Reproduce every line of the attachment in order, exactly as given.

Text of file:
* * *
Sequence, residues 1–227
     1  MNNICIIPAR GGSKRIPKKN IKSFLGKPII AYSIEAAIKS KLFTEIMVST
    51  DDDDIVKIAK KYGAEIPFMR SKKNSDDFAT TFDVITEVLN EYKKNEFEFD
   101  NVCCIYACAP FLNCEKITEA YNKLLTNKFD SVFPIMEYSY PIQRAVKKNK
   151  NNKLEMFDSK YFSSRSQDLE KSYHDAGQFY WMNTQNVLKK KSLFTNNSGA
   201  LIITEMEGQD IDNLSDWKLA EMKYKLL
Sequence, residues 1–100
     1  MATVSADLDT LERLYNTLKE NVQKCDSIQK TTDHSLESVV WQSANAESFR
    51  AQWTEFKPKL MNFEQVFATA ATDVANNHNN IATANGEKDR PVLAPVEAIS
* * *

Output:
Sequence, residues 1–227
     1  MNNICIIPAR GGSKRIPKKN IKSFLGKPII AYSIEAAIKS KLFTEIMVST
    51  DDDDIVKIAK KYGAEIPFMR SKKNSDDFAT TFDVITEVLN EYKKNEFEFD
   101  NVCCIYACAP FLNCEKITEA YNKLLTNKFD SVFPIMEYSY PIQRAVKKNK
   151  NNKLEMFDSK YFSSRSQDLE KSYHDAGQFY WMNTQNVLKK KSLFTNNSGA
   201  LIITEMEGQD IDNLSDWKLA EMKYKLL
Sequence, residues 1–100
     1  MATVSADLDT LERLYNTLKE NVQKCDSIQK TTDHSLESVV WQSANAESFR
    51  AQWTEFKPKL MNFEQVFATA ATDVANNHNN IATANGEKDR PVLAPVEAIS